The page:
Top 5 Tips for Preparing to File a Homeowners Insurance Claim
Having a Homeowners Insurance Policy does not always mean you are protected when you need it. Insurance Companies often make it difficult to understand exactly what is, and what isn’t, covered. Follow these Top 5 Tips to learn how to properly prepare for filing a Homeowners Insurance Claim. Learn what you can do to ensure maximum benefits you are entitled to are paid, when you need them.
1. CONTACT YOUR INSURANCE COMPANY
Keep it concise and to the point. Tell them you suffered a property loss. This puts your insurance company on notice and is required for almost every homeowners insurance claim. The insurance company will follow-up with claim forms for you to fill out. Use our Homeowners Insurance Section, FAQs and Insurance Glossary to decipher the details of your policy and be prepared to answer questions accurately and correctly.
Keep notes on your conversation. Include the name, date, contact information and a summary of the conversation.
2. PROTECT YOUR PROPERTY FROM ADDITIONAL DAMAGE
This is called “mitigating the loss” and it’s important. Once you discover property damage, you are required to take reasonable steps to prevent additional damage to your property.
As an example, consider a house fire that burns a hole in the roof. Homeowners insurance should cover the hole caused by the fire. However, will the policy cover damage from rain leaking into the house? This damage might not be covered if you fail to mitigate your loss.
In this situation, you need to work on fixing the hole right away. If you don’t, the property damage could get worse. Rain could destroy other parts of the home – the carpet, walls and furniture. If you fail to mitigate the loss, your insurance company may argue that is not liable for any of the water damage.
Keep a record of what you do to “mitigate the loss.” Save receipts for repairs, invoices from repairmen. As long as you can show that you took reasonable steps to “mitigate the loss,” all of the damage should be covered by your homeowners insurance.
3. KEEP TRACK OF YOUR LOSSES
Write a detailed list of everything in your home that was lost or damaged. This includes damage to the structure of your home, furniture, appliances, personal property, etc. Include as much as possible, even if you think that some property might not be covered in the policy.
Find the cost of replacing each of the items on your list. Don’t exaggerate the value of your damaged goods. Insurance companies are experienced at estimating replacement costs and will view your claim with distrust if they suspect exaggeration.
Take pictures of the property damage and gather as many receipts for your property as possible. Document everything – you’ll need it during the homeowners insurance claim process.
Do not throw away damaged property unless the insurance company gives you written authorization to do so. Otherwise, the insurer may later argue that the claimed property damage never occurred.
In the event of structural damage to your home, hire experts such as contractors, engineers, or architects to evaluate your losses. Make sure the experts give you a “bid” to repair the damage. The bid should be the cost of restoring your property to its original condition, using the same quality of products.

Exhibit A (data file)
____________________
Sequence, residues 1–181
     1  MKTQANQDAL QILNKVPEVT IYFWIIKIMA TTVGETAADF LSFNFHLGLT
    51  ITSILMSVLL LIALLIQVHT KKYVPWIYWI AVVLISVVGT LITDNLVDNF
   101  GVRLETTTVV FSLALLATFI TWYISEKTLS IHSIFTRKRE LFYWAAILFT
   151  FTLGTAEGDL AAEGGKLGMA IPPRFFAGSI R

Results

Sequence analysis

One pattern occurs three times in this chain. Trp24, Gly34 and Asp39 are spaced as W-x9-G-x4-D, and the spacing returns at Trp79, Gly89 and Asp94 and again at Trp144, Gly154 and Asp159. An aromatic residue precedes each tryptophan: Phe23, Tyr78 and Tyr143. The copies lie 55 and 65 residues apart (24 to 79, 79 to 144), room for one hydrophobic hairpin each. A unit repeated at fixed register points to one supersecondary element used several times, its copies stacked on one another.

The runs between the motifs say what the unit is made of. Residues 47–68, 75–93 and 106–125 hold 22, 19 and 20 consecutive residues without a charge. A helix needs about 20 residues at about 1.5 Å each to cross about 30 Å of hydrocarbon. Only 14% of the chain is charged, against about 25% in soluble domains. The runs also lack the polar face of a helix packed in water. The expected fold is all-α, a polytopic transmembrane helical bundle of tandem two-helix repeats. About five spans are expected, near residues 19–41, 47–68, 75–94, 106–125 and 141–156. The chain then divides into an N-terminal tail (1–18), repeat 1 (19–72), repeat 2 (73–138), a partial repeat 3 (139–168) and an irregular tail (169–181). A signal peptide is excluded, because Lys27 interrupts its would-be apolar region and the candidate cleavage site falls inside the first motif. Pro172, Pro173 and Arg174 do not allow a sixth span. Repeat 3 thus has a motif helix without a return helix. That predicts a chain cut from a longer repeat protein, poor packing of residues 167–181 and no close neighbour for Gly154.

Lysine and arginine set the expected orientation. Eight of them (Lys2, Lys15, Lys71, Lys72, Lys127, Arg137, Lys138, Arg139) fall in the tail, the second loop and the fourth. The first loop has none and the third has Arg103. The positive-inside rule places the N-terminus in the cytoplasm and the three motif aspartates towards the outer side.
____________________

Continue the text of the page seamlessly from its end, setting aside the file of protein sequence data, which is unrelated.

When the insurance company sends its own experts to evaluate your damage, they will “estimate” that your property damage is less than it will actually cost to repair. The insurance agent’s “estimate” is not the same as a “bid” to fix it. You need to know the difference, otherwise insurance companies will undervalue your claim. Use your own contractors and experts. Do not rely on insurance company experts or insurance software programs.
4. REVIEW YOUR INSURANCE POLICY
Read the terms of your homeowners insurance policy and follow the instructions for filing a claim. Think before you act. Here are some important things to look out for.
Sometimes your policy says you need to replace damaged items before they pay you. Read the policy carefully.
Your policy might say the insurance company has to pay you within a certain amount of time. Make sure you record the date and time of all communications with your insurer.
Your policy will have a “maximum benefits” provision. That means you only get paid for up to a certain amount of damage.
Your policy will have a “deductible.” That means you have to pay a certain amount before your insurance company jumps in to cover the rest.
The policy might have a “rider.” For example, your policy could say your max benefits are $200,000, but a “rider” might raise your benefits to $250,000 or more. Be on the look out for a “rider” in your policy.
The policy will have “exclusions.” For example, your policy might say it does not cover damage from hail, landslides etc. When you tell your insurance company about property loss, don’t explain the cause of the damage if you’re uncertain.
5. KEEP DETAILED RECORDS
When you speak with insurance representatives, take notes. Write down the date & time, explain what you talked about.
Keep a copy of each letter the insurance company sends to you.
Avoid the temptation to send angry letters or emails to your insurer. The company will document this and use it as an excuse to underpay your claim.
Protect your own records by keeping them in a digital format or in a safe place. Homes with structural damage are more likely to suffer additional damage over time. Be sure to keep documents, receipts and photos somewhere safe.
Author: Matthew Bourhis, Disability Insurance Lawyer, Ray Bourhis Associates